For those super-rich for whom a home or hotel safe is simply not safe enough, a new facility in the British capital should allay their conerns.
Dubbed London’s Fort Knox, a new £30 million (Dh110.1m) bunker complex has just opened deep below the city’s West End providing ultra-secure bank-style vaults.
Constructed by Amazon Property, the concrete and steel complex is called The Armitage Vaults and covers 10,000 square feet over three floors at up to 40ft underground where the capital’s wealthy, business people and tourists can store their high-value possessions. The complex is encased in one metre thick concrete and the roofs and floors are steel lined.
At one metre, the walls are double the thickness of the 50 centimetre walls of the Hatton Garden Safety Deposit, which thieves broke into over the course of a weekend in 2015.
The heist is one of the largest in British history. Police say some 70 safety deposit boxes – with a value now estimated at £21m after an unnamed woman this month claimed she had only just realised some £7m in gold was also taken – were prised open by a gang of crooks, breaking into the vault after disabling the alarms. The robbers broke through a wall using industrial drills and somehow squeezed in and out of the 3ft hole to steal jewellery, gold and other valuables.
As a result of the break-in, demand fell away for the facility and in September 2015 the company operating Hatton Garden Safety Deposit went into liquidation.
The Armitage Vaults are designed to be virtually bomb-proof, fire-resistant and water-tight, the storage vaults are protected by layers of physical security, alarms and video cameras; with each unit being individually alarmed and accessed via a state-of-the-art electronic fob and mechanical lock.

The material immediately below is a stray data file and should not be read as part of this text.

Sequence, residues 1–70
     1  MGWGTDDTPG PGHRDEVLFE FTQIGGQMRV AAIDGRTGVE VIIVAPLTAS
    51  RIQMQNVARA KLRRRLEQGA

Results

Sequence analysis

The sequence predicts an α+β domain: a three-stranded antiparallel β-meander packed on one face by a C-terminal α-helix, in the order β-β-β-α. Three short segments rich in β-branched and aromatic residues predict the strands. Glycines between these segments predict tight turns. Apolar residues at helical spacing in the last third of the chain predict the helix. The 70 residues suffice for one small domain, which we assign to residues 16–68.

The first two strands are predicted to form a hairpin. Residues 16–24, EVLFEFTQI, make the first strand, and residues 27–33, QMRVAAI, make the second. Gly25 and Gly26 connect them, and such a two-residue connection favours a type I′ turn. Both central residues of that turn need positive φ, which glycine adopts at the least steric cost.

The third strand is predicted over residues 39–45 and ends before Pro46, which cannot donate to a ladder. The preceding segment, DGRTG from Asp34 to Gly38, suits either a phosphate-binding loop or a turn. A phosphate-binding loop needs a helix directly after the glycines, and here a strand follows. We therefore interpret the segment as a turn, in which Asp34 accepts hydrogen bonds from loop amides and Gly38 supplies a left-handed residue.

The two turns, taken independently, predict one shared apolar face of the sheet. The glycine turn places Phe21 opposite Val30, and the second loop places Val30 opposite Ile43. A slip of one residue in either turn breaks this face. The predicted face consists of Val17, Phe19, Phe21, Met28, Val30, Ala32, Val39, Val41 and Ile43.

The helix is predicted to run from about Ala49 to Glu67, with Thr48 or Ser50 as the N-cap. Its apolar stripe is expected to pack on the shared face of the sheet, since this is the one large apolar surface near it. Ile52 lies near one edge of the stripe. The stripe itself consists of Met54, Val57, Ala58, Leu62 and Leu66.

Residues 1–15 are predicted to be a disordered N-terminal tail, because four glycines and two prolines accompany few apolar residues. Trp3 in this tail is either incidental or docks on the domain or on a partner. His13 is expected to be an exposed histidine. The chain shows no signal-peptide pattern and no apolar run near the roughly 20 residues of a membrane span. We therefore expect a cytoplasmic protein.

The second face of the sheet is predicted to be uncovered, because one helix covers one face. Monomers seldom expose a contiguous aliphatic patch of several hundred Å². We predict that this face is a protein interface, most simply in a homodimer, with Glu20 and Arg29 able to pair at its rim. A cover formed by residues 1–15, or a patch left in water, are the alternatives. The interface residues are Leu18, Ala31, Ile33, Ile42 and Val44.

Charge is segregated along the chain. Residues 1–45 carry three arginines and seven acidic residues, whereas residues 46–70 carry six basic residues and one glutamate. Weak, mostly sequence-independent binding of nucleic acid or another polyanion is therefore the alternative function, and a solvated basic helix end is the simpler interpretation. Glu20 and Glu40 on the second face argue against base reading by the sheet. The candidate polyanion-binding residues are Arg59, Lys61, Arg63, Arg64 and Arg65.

Approached through a discreet “secret entrance” off Bolsover Street, at ground level special video entry security doors, monitored by security, lead into a manned security room, cameras and loading bay. The bay opens on to a special goods lift which goes down to the underground facility.
“We were inspired by the famous Fort Knox vault in Kentucky and there is nothing else like it in Central London,” said Charles Gourgey, the chief executive of Amazon Property.
“The episode over the Hatton Gardens Depository brought into the spotlight the urgent need for a modern storage facility in London where day to day valuables can be stored on a short or long stay basis.”
Six of the Hatton gang who carried out what is the biggest burglary in British history were later jailed for a combined 40 years.
“The burglary at the heart of this case stands in a class of its own,” Judge Christopher Kinch said at the time of sentencing.
Unsurprisingly perhaps, in the light of the robbery, The Armitage Vaults have attracted much attention already.
“The facility is new, however we have already had significant interest and the vaults are already 20 per cent let, with 75 per cent of users being from the UK, the remainder are international,” said Tom Archer, the operations director at Amazon Property. “Around 50 per cent of the tenants are wealthy private clients, the balance are businesses.”
In a strange coincidence, some of the items already stored in the facility hark back to the complex’s history. The original Edwardian-era basement stored the medical records, glasses and sight testing equipment for the blind and partially sighted.
Today, according to Chris Lanitis, the director of Amazon Property. “Corporate clients include private medical outlets and hospitals storing sensitive documents and equipment. There are also luxury retailers storing stock.”
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